RESEARCH SUPPORT, NON-U.S. GOV'T
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The prognostic factors for patients with early cervical cancer treated by radical hysterectomy and postoperative radiotherapy.

Gynecologic Oncology 1999 December
PURPOSE: This study was undertaken to evaluate the efficacy of postoperative radiotherapy (post-OP RT) and to investigate the prognostic factors for early-stage cervical cancer patients who were treated by radical surgery, and the pathological findings suggested a relatively high risk of relapse with surgery alone.

MATERIALS AND METHODS: From January 1990 to December 1995, 222 patients with stage IB-IIA cervical cancer, treated by radical surgery and a full course of post-OP RT, were included in this study. The indications for post-OP RT were based on pathological findings, including lymph node metastasis, positive surgical margins, parametrial extension, lymphovascular permeation, and invasion of more than two-thirds of the cervical wall thickness. The radiation dose of external beam was 44-45 Gy to the whole pelvis and 50-54 Gy to the true pelvis. One hundred seventy-two patients also received intravaginal brachytherapy as a local boost. The minimal follow-up period was 2 years.

RESULTS: The actuarial 5-year overall and disease-specific survival rates for all patients were 76 and 82%, respectively. The tumor control rate within the pelvis reached 94%, and distant metastasis was the major cause of treatment failure. Univariate analysis of clinical and pathological parameters revealed that clinical stage, bulky tumor size, positive lymph nodes, parametrial extension, and histologic type were significant prognostic factors. After multivariate analysis, only positive lymph nodes (P = 0.01), bulky tumor size (P = 0.02), and parametrial extension (P = 0.05) independently influenced the disease-specific survival (DSS). For patients with lymph node metastasis, the number and location of the nodal involvement significantly affected the prognosis. The 5-year DSS for patients with no, one, and more than one lymph node metastasis were 87, 84, and 61% (P = 0.0001), respectively. Patients with upper pelvic lymph node metastasis had a higher incidence of distant metastasis (50% vs 16% in lower pelvic node group, P = 0.03). In the subgroup of single lower pelvic nodal metastasis, the prognosis was similar to that of patients without lymph node involvement (5-year DSS 85% vs 87%, P = 0.71).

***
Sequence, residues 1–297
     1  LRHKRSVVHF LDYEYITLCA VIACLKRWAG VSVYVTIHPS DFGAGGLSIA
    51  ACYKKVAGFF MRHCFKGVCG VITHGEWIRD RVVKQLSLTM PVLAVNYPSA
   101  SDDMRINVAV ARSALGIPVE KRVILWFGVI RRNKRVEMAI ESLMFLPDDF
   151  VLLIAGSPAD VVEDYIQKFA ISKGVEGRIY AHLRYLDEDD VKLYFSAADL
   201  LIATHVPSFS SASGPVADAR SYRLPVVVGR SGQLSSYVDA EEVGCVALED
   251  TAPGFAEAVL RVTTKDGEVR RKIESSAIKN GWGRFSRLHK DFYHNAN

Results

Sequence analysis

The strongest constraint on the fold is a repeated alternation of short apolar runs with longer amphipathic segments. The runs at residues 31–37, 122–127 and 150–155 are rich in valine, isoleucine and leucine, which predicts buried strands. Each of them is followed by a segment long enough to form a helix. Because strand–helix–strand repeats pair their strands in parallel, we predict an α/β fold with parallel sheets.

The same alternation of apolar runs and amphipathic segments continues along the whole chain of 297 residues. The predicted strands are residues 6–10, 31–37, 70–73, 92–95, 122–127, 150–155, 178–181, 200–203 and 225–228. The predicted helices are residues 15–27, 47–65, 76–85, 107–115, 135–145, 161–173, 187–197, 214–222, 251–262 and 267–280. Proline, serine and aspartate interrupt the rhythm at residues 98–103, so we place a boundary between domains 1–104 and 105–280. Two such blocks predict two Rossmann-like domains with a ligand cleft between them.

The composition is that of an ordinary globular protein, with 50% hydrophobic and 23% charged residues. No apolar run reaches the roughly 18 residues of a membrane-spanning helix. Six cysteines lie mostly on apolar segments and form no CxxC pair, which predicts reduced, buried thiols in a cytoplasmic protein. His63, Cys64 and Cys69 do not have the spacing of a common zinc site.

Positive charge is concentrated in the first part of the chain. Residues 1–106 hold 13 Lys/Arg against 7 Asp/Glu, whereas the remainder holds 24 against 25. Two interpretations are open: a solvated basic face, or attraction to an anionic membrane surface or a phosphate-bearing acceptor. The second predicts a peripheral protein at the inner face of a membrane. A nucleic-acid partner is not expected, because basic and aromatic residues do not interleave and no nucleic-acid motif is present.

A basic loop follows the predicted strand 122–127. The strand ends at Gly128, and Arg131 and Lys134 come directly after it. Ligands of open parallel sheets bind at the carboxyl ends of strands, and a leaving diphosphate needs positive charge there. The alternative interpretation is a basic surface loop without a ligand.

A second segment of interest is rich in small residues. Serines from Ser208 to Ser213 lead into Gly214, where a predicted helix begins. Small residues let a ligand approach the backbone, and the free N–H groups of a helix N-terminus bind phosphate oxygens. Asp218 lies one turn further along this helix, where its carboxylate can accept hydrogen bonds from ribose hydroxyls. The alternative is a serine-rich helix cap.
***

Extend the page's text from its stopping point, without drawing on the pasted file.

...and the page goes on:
CONCLUSION: Our results indicate that post-OP RT can achieve very good local control in stage IB-IIA cervical cancer patients whose pathological findings show risk features for relapse after radical surgery. The prognostic factors for treatment failure identified in this study can be used as selection criteria for clinical trials to test the effects of other adjuvant treatments, such as chemotherapy. Patients with a single lower pelvic lymph node metastasis have a relatively good prognosis and may not need adjuvant treatment beyond radiation therapy.

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